How the Eye Works
The human eye is a marvel of built-in engineering, combining reflected light, lens imaging capability, multiple lighting adjustments and information processing—all in the space of your eyeball. When working properly, the human eye converts light into impulses that are conveyed to the brain and interpreted as images.
Protecting Your Eyes
If you work in a hazardous environment like a construction zone or workshop, or participate in ball sports or extreme sports—sturdy, shatter-and-impact-resistant eyewear is a must. This is particularly important when considering eye protection for both children and adults.
Seeing clearly is just one part of your overall eye health. It’s important to have regular eye exams whether or not you wear glasses or contacts, and even if your vision is sharp. The articles below explain what problems can be spotted with an eye exam, what’s involved in a comprehensive exam, and special considerations for kids and contacts.
Digital eye strain, eye fatigue and computer vision syndrome (CVS) are conditions that result from extended exposure to digital screens.
Use these articles to proactively care for your child's eyes, spot potential trouble, and maximize the opportunity for crisp, convenient and healthy vision.
Tired of wearing glasses or contact lenses? Today, several surgical methods can correct your eyesight and, in most cases, give you the freedom of seeing well without corrective lenses.
Read more about some of the most common eye diseases including cataracts, diabetes, glaucoma and macular degeneration.
Eye problems can range from mild to severe; some are chronic, while others may resolve on their own, never to appear again. The articles below will give you a basic understanding of some of these problems and their implications. The cardinal rule is if your eyes don't look good, feel good or see well, you should visit your doctor.
Vision Over 40
If you are among the 85 million Baby Boomers in the United States and Canada (born between 1946 and 1964), you've probably noticed your eyes have changed. Most notably, presbyopia - the normal, age-related loss of near focusing ability - usually becomes a problem in our 40's, requiring new vision correction solutions. Learn about measures you can take to keep seeing clearly for years to come.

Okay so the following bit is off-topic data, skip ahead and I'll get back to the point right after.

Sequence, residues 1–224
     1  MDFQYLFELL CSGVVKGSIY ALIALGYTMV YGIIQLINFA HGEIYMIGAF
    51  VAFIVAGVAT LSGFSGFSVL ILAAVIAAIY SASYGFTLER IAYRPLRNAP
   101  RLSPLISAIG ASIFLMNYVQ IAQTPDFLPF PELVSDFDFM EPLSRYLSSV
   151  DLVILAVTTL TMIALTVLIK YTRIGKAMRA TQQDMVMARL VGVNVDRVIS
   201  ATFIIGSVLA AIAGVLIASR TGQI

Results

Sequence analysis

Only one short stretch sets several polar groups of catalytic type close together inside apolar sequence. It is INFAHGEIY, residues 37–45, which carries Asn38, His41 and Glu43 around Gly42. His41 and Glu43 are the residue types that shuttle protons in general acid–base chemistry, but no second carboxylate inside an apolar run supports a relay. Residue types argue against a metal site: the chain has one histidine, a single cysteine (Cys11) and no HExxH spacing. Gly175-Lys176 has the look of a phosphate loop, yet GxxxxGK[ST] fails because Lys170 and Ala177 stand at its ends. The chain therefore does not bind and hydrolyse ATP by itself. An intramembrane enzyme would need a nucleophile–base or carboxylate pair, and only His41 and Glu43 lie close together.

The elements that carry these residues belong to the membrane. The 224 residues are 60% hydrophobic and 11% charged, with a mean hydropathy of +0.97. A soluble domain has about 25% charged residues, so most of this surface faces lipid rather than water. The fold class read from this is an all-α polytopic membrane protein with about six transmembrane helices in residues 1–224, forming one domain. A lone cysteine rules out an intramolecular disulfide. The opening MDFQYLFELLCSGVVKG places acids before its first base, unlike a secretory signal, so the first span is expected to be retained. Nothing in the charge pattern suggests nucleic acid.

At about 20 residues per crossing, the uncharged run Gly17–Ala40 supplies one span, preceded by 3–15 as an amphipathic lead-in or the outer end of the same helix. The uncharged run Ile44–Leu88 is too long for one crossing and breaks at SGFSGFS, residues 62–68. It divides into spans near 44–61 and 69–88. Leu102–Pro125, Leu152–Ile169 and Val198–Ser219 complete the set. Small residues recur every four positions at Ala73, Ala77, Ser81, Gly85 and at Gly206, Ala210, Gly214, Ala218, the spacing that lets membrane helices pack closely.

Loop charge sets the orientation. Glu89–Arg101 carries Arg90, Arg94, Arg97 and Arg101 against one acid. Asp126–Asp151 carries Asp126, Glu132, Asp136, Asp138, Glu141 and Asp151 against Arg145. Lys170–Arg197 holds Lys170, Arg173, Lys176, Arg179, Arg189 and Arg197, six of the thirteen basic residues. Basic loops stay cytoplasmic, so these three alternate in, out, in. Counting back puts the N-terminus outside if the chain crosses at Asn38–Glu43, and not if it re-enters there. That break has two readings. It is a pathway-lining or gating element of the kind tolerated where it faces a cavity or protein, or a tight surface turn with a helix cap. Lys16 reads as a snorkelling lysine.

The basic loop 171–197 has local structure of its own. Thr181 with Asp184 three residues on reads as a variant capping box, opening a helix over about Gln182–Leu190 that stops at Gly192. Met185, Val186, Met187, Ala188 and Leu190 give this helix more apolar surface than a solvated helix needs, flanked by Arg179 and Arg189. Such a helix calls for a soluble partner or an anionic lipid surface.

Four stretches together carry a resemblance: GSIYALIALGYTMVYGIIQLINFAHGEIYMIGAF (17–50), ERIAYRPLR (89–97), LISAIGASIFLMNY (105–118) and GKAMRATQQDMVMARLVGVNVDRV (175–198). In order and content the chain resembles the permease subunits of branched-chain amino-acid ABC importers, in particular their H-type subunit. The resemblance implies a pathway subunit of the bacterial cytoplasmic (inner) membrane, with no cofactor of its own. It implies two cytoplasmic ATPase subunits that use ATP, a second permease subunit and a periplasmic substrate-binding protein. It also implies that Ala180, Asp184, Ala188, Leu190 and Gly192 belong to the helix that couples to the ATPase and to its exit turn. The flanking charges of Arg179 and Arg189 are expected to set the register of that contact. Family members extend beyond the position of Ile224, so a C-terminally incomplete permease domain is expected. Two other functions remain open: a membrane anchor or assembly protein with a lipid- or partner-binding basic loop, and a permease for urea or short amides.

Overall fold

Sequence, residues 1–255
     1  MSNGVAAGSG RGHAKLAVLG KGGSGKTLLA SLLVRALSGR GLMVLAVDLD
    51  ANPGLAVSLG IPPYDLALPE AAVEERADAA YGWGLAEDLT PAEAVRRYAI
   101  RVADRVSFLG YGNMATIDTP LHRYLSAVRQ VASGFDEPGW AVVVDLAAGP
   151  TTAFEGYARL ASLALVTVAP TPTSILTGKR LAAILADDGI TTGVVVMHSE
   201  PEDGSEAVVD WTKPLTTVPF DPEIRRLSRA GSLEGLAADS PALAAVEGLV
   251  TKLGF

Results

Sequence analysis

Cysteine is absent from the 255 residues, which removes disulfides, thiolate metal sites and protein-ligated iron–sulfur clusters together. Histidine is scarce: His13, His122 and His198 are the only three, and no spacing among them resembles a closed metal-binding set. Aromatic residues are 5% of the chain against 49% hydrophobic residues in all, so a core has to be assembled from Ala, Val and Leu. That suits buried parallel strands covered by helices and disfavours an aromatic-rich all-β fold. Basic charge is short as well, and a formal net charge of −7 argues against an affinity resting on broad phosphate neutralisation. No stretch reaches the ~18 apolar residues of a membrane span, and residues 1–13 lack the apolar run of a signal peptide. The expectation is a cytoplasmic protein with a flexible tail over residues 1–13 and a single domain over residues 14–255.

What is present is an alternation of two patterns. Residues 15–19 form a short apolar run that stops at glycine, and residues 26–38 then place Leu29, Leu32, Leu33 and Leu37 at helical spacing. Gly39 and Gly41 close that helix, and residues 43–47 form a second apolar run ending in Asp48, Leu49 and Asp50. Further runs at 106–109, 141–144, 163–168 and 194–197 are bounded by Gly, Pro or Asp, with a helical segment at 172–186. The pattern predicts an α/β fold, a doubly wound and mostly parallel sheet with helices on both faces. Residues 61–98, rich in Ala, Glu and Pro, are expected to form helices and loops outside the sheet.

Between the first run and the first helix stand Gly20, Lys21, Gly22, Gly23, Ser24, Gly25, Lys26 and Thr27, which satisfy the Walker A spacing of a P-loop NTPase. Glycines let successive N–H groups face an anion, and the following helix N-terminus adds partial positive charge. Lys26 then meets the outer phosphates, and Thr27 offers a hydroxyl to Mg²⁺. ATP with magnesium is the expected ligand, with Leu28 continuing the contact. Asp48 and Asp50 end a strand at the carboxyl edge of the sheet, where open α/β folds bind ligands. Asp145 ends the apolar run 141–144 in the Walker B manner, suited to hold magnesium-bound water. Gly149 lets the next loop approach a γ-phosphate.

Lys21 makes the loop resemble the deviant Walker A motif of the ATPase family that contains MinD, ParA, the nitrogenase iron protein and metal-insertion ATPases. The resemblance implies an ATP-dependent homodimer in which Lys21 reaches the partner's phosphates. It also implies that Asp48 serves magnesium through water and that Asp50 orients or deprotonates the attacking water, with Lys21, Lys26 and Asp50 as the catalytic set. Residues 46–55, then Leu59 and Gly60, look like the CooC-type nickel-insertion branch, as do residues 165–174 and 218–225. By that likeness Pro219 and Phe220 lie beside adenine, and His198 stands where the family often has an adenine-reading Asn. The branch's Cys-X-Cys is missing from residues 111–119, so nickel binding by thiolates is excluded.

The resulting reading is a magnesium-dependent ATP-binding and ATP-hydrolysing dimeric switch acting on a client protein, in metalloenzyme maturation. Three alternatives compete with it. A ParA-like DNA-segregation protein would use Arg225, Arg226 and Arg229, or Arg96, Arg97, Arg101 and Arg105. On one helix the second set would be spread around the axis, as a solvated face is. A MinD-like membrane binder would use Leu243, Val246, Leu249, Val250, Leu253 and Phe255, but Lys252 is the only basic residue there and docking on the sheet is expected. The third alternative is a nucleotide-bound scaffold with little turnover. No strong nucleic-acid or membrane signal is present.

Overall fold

Vision Over 60
Just as our physical strength decreases with age, our eyes also exhibit an age-related decline in performance - particularly as we reach our 60's and beyond. Some age-related eye changes are perfectly normal, but others may signal a disease process. It's important to recognize signs and symptoms, and perhaps even more important to mitigate the effects of aging with some simple and common-sense strategies.
Because we provide both medical and routine eye care, we accept a number of insurance plans to help cover the cost depending on your individual needs. Here are just some of the plans that we accept:
Vision Plans we Accept
Learning about your eye health can be complicated – and might even seem overwhelming at first. To simplify things for our patients, we've created our Eye Health Library, a comprehensive library of vision-related information. We invite you to browse through our library to find information that will help you better understand how your vision works, common eye conditions, surgeries and how your vision changes as you age.
Glossary of Eye Care Terms
While certainly not a complete eye care dictionary, the EyeGlass Guide Glossary covers many of the common eye care conditions, terms and technology you’ll commonly discuss with your eye care professional.
Healthy Sight isn’t a slogan; it’s a way of life that enhances your everyday vision while preserving the well being of your eyes. It means getting regular checkups.
The cost of routine eye exams and prescription eyewear can be of real concern, especially for large families. In many cases, vision insurance can lower these annual expenses.
A vision insurance policy is not the same as health insurance. Regular health insurance plans protect you against financial losses due to unexpected eye injuries or disease. Vision insurance, on the other hand, is a wellness benefit designed to provide routine eye care, prescription eyewear and other vision-related services at a reduced cost.
Our practice provides optometric services only, but we will recommend advanced eyewear and contact lens solutions to optimize your visual acuity as well as the quality of your vision. You may purchase eyewear at the Vision Center associated with our practice or at any other eyewear provider you choose.
We offer a wide range of contact lenses to fit your needs including contact lens exams and fittings.
Eyeglasses are more popular today than ever, despite the availability of contact lenses and vision correction surgery.
Visit our interactive on-line tool and we'll guide you through a series of questions about you, your lifestyle and your specific eyewear needs to help you choose the glasses that are right for you!
We do accept other plans as well, so if you do not see your plan listed here, please give us a call and we would be happy to assist you. Our staff is also always available to answer any questions regarding your benefits.
Questions & Answers About Vision Insurance
Vision insurance is designed to provide routine eye care, prescription eyewear and other vision-related services at a reduced cost. Learn about types of plans, coverage and payment options.
What's in Your Vision Insurance Plan
Make the most of your vision insurance plan by understanding your particular vision coverage.